As Long as Trees Take Root in the Earth
Forthcoming in August 2021
These compelling poems by novelist and essayist Alain Mabanckou conjure nostalgia for an African childhood where the fauna, flora, sounds, and smells evoke snapshots of a life forever gone. Mabanckou’s poetry is frank and forthright, urging his compatriots to no longer be held hostage by the civil wars and political upheavals that have ravaged their country and to embrace a new era of self-determination where the village roosters can sing again.
These music-infused texts, beautifully translated by Nancy Naomi Carlson and supported by a grant from the National Endowment for the Arts, appear together in English for the first time. In these pages, Mabanckou pays tribute to his beloved mother, as well as to the regenerative power of nature, and especially of trees, whose roots are a metaphor for the poet’s roots, anchored in the red earth of his birthplace. Mabanckou’s yearning for the land of his ancestors is even more poignant because he has been declared persona non grata in his homeland, now called Congo-Brazzaville, due to his biting criticism of the country’s regime. Despite these barriers, his poetry exudes hope that nature’s resilience will lead humankind on the path to redemption and reconciliation.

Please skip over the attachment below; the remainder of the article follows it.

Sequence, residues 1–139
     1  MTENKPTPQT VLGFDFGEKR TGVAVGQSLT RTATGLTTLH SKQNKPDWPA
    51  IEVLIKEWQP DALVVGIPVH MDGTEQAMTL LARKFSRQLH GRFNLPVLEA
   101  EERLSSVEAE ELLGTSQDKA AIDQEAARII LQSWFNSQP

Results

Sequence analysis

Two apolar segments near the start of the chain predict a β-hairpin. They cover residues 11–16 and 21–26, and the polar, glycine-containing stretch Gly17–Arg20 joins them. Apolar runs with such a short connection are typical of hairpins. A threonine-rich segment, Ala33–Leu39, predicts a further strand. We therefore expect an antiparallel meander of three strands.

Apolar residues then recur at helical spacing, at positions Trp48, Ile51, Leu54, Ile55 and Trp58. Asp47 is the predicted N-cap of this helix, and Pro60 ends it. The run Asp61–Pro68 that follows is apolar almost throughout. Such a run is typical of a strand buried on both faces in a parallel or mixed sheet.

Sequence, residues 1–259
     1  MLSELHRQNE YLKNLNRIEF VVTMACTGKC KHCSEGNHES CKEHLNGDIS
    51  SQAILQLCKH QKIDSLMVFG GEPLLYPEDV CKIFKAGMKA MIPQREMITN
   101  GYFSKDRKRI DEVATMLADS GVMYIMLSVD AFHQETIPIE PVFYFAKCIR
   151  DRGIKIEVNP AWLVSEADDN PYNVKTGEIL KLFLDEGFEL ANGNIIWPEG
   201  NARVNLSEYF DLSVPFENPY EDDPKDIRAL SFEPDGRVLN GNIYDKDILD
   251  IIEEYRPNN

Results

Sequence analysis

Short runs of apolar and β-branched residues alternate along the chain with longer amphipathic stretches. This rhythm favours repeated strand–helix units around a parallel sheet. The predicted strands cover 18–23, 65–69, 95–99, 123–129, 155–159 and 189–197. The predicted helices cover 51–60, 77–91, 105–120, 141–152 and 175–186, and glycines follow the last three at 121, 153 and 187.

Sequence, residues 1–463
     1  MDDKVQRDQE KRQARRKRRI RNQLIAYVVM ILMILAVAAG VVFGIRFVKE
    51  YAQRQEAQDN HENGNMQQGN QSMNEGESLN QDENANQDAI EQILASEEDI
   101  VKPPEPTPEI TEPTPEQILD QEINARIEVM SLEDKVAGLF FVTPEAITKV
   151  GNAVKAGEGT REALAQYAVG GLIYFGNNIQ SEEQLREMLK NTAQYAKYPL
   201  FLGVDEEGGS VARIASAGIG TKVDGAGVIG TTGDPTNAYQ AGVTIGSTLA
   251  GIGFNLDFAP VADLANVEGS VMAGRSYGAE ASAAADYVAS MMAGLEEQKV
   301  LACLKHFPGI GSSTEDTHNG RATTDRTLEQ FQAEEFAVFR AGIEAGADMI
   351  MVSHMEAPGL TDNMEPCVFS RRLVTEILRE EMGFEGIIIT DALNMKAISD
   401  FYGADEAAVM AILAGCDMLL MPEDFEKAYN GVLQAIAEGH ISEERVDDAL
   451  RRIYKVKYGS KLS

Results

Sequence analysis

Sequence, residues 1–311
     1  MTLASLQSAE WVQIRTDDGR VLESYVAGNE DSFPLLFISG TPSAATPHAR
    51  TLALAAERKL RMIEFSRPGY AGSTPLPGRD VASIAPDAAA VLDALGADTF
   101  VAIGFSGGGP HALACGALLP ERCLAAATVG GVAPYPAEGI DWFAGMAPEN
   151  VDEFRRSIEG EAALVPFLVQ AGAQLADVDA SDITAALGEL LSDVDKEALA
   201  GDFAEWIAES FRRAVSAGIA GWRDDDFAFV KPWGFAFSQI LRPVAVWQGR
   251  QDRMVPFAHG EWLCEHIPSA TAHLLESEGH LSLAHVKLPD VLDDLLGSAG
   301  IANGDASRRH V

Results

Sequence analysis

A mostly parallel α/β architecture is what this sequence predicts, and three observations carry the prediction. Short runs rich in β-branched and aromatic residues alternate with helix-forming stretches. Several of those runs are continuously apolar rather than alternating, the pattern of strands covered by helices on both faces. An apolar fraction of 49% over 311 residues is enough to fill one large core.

Praise for Alain Mabanckou:
‘Africa’s Samuel Beckett . . . one of the continent’s greatest living writers.’―Guardian
‘His voice is vividly colloquial, mischievous and . . . outrageous.’—Marina Warner, Man International Booker Prize judge
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